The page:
GAME REVIEW: Love Letter

Valentines Day is just around the corner – whether you love it or hate it, or really don’t care. My opinion on the day is that most people do easily go overboard, and there doesn’t need to be anything flashy – but if you’re going to give me a reason to celebrate love I will celebrate it. There’s really no reason not to!

But whether you’re going big or staying casual, if you’re a board game person in want to play something love-themed on the special day, one of the first games you may consider is Love Letter.

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What is Love Letter?

Love Letter is a trick-taking, bluffing and trumping card game by AEG. Played in rounds, this game is pretty small (depending on which one you get) and is pretty easy to just put in a pocket or purse and take anywhere.

There’s a story around of it of a Princess saddened by the arrest of the Queen, and her family and friends trying to cheer her up by delivering a love letter. It passes from hand to hand with the others trying to stop your letter and get their own through to win the Princess’s heart is this time of tragedy.

Whatโ€™s in the Box?

There’s a few different packaging options, but the cheapest and most transportable is a little red bag. It comes with the playing cards, rules, 4 rule-reminder cards, and red point cubes, that all fit nicely inside.

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Playing Love Letter?

You set up by shuffling the cards, putting them all face down and removing one card – this makes sure you can only card count to a point.

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With the bag copy, you can just hide the extra card there each round.

Each player then takes one card – and this is their hand.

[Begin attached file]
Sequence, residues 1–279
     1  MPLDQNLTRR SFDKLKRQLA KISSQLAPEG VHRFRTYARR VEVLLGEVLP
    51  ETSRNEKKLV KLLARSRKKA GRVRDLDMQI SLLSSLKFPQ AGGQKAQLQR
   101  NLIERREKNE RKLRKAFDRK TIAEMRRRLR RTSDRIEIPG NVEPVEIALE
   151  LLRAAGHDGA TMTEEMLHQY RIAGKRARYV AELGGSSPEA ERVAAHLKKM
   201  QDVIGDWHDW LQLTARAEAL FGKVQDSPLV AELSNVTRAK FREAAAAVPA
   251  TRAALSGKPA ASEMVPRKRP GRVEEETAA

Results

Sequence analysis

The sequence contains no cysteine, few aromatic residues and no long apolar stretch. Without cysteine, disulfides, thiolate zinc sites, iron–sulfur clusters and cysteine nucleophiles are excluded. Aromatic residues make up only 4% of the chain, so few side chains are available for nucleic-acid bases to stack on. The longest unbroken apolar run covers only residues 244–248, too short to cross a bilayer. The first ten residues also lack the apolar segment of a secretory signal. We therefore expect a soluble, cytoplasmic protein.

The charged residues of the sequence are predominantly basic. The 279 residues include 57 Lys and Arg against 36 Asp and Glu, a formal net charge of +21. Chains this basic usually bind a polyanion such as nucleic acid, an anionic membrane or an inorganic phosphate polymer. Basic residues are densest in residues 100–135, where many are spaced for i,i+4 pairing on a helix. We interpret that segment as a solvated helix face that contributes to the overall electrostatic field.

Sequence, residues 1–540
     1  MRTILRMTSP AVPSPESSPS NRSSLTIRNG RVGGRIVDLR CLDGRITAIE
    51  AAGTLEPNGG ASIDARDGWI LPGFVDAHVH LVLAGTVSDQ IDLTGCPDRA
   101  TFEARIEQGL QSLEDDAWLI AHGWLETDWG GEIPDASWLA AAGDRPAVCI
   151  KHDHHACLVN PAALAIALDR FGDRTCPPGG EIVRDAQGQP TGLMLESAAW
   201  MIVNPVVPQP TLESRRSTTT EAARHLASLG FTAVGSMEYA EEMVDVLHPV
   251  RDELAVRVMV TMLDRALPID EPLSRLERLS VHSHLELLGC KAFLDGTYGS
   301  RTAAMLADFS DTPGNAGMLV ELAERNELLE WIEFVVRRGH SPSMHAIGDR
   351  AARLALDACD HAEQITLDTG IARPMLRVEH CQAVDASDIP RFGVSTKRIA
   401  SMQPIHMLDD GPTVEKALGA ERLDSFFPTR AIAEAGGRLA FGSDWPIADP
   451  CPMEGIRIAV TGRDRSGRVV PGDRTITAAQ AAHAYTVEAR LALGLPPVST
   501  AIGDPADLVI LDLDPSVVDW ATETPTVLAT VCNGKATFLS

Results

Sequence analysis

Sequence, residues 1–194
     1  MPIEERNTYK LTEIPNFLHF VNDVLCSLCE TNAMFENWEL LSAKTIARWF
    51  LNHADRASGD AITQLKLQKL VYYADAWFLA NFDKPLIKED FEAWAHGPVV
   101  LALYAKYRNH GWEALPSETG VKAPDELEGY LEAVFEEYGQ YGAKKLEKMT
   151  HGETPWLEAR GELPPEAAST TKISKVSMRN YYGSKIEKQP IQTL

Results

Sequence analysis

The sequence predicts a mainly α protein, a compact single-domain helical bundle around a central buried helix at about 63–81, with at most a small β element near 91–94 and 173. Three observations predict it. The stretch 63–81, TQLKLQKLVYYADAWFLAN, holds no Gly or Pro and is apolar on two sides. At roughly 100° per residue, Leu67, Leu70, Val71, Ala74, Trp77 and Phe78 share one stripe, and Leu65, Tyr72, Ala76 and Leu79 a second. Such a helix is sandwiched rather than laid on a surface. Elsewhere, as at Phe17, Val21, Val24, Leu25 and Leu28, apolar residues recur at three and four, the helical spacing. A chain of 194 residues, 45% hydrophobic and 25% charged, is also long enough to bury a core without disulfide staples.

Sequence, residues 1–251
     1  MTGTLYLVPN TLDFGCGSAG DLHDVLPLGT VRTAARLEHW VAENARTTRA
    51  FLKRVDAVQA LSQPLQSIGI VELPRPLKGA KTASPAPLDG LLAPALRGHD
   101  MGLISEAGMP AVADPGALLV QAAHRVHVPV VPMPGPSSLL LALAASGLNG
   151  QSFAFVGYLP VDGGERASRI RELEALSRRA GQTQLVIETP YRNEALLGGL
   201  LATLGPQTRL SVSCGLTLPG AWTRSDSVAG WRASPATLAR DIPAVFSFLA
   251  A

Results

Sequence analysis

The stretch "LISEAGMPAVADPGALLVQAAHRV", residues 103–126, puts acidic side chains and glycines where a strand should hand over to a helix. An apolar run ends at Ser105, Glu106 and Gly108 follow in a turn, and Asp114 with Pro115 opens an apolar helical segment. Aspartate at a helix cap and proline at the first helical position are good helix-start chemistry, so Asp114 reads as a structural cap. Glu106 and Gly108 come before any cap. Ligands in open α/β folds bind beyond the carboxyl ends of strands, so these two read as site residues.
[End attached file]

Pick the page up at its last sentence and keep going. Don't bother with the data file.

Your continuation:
The game then plays by going around to each player, and during each player’s turn draws one card and discards one to a discard pile (either that one or their hand). They then use the effect of the discarded card, whether it is good or bad.

There are 16 cards, with 8 different characters. Here are there effects:

The Guard (#1, 5 of them) allows you to try to guess another player’s hand. A correct guess eliminated the player from that round.

A Priest (#2, 2 of them) allows you to looks at another player’s hand.

A Baron (#3, 2 of them) has you compare hands with another player. The hand whose card number is smaller is eliminated from the round.

A Handmaid (#4, 2 of them) will protect you from other cards until your next turn.

A Prince (#5, 2 of them) allows you to force one player to discard their hand.

The King (#6, 1 of them) allows you to trade hands with one player.

The Countess (#7, 1 of them) must be discarded if caught with the King or Prince.

The Princess (#8, 1 of them), if discarded, the player who discarded her will auto-lose the round.

You play a round until one person is left standing, and they receive an affection token. Then you shuffle everything up, repeat the set up and play another round. The first person to a certain number of affection tokens wins (2 players: 7, 3 players: 5, 4 players: 4)!

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Affection tokens for this one are little red cubes.

Strategy Tips

  • Hers: This is the sort of game where you need to play the players a bit too. You need to keep a poker face and mess with their mind – so romantic.
  • His: Don’t be to hasty to use the guard or always use it as a throw away, try to do the math and make an educated guess.

Our Assessment

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Quick and easy to play, good to take on a trip or to play in between big box games.. but it can get monotonous to play over and over, not much replay value at all.

If you mix up decks with different effects it could be interesting, but I haven’t played the other themed versions to much so I’m not sure if that’s an option yet!

Overall, I’d give it a 4/10.

Basics

  • 2-4 players
  • 20-30 minutes
  • 10+ years old
  • $7-$17
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